reached the banks of the Severn, he found he could go no further. His troops and his officers were wearied,
faint, and discouraged. His hopes had not been realized, and while it was obviously dangerous to stop, it
seemed still more dangerous to go on. However, as the authorities of Worcester were disposed to take sides with
the king, Charles determined to stop there for a
lit-  tle time, at all events, to refresh his army, and consider what to do.
He was received in the city with all due honors. He was proclaimed king on the following day, with great parade
and loud acclamations. He established a camp in the neighborhood of the city. He issued great proclamations,
calling upon all the people of the surrounding country to come and espouse his cause. He established his court,
organized his privy council, and, in a word, perfected, on a somewhat humble scale it is true, all the
arrangements proper to the condition of a monarch in his capital. He began, perhaps, in fact, to imagine
himself really a king. If he did so, however, the illusion was soon dispelled. In one short week Cromwell's
army came on, filling all the avenues of approach to the city, and exhibiting a force far too great,
apparently, either for Charles to meet in battle, or to defend himself from in a siege.
Charles's forces fought several preliminary battles and skirmishes in resisting the attempts of Cromwell's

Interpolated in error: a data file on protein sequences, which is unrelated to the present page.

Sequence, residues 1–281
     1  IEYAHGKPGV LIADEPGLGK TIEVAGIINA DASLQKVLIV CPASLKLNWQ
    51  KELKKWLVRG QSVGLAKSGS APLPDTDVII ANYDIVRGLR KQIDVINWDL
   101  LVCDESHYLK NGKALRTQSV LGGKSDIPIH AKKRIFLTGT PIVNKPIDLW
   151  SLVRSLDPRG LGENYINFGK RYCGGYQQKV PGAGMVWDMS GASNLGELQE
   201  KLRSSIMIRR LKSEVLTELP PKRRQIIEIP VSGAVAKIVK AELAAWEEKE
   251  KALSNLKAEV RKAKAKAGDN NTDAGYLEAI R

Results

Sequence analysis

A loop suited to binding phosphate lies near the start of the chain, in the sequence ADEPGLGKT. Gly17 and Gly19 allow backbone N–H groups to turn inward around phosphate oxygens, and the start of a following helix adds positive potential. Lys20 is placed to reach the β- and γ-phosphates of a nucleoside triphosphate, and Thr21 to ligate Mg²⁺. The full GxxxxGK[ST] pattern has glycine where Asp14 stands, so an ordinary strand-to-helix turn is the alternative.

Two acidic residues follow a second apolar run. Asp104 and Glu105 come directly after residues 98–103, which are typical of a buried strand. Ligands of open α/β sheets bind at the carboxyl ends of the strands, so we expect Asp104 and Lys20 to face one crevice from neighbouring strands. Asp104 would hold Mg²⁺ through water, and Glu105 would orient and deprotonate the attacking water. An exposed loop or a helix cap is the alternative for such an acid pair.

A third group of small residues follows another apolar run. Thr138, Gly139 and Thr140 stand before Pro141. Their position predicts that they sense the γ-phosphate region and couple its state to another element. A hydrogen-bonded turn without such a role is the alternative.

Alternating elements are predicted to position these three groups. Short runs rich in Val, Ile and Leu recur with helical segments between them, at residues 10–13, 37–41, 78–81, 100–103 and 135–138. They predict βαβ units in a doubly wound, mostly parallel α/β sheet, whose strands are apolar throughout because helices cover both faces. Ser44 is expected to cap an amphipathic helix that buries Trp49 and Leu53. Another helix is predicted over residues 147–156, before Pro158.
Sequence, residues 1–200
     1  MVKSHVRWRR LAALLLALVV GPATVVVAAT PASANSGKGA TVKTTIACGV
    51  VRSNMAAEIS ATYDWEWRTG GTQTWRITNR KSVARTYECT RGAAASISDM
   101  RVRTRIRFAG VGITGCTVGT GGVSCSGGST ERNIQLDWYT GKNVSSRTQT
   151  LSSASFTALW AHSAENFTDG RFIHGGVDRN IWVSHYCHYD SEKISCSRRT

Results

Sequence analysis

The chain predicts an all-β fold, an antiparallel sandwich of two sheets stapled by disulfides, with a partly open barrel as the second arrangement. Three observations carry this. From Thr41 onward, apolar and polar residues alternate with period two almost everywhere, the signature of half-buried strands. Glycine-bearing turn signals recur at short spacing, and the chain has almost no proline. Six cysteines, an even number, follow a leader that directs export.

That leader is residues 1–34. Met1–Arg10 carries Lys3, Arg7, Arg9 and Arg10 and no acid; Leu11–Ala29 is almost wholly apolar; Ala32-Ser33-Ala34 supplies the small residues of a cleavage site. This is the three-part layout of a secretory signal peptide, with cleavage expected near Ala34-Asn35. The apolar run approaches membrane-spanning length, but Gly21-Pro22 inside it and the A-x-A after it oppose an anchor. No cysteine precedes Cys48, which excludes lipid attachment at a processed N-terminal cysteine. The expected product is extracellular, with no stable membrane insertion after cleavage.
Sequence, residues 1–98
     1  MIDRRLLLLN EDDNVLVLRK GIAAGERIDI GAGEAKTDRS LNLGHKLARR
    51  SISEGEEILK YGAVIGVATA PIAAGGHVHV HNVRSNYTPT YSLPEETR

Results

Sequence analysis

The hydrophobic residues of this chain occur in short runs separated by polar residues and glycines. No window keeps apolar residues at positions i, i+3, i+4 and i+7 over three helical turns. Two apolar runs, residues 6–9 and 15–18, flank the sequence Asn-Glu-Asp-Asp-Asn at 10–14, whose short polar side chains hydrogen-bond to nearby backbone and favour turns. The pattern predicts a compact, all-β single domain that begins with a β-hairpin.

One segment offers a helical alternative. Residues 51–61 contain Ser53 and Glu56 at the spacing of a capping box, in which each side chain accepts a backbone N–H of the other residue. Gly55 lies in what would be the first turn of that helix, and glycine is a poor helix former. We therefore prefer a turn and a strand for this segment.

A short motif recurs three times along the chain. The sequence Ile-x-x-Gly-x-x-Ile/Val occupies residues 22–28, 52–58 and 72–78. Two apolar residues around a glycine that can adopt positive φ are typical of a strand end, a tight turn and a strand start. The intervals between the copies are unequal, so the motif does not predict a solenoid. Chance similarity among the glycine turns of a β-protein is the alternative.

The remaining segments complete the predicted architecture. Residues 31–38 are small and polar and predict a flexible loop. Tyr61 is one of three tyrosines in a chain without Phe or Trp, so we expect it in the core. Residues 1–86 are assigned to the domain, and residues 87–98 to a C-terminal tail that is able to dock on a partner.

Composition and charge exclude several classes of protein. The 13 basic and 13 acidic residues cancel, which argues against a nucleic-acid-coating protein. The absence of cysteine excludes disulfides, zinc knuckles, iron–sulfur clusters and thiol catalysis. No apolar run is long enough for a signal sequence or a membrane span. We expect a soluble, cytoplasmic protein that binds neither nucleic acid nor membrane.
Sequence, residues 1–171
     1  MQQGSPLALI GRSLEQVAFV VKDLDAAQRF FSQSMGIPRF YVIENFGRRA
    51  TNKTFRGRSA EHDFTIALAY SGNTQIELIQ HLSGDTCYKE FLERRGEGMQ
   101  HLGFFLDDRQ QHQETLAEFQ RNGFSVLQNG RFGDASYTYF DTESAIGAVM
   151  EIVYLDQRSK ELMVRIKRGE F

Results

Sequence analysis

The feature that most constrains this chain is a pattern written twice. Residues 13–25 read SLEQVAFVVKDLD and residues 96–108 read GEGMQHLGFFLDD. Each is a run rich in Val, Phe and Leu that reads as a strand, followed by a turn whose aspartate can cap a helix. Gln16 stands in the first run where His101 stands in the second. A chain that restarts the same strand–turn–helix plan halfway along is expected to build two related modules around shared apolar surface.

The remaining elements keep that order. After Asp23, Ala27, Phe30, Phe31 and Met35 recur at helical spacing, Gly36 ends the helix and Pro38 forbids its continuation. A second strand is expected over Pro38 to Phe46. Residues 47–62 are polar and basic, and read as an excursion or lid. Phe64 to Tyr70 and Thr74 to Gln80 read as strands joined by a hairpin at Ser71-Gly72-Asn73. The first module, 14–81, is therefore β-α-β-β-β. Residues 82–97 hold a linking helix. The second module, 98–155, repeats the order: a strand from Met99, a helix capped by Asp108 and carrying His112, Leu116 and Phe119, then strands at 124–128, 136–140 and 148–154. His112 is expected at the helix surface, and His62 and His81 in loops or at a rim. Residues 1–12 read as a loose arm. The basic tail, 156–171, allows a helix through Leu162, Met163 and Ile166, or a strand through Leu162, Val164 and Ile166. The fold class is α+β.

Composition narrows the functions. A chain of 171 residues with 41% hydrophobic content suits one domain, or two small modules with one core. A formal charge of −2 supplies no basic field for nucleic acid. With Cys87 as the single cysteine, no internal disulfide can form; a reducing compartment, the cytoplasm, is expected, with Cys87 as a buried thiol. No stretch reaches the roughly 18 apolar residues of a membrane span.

columns to get possession of the bridges and fords by which they were to cross the river. These contests
resulted always in the same way. The detachments which Charles
 had sent forward to defend these points were one after another driven in, while Charles, with his council of
war around him, watched from the top of the tower of a church within the city this gradual and irresistible
advance of his determined enemy, with an anxiety which gradually deepened into dismay.
The king, finding his situation now desperate, determined to make one final attempt to retrieve his fallen
fortunes. He formed his troops in array, and marched out to give the advancing army battle. He put himself at
the head of a troop of Highlanders, and fought in person with the courage and recklessness of despair. The
officers knew full well that it was a question of victory or death; for if they did not conquer, they must die,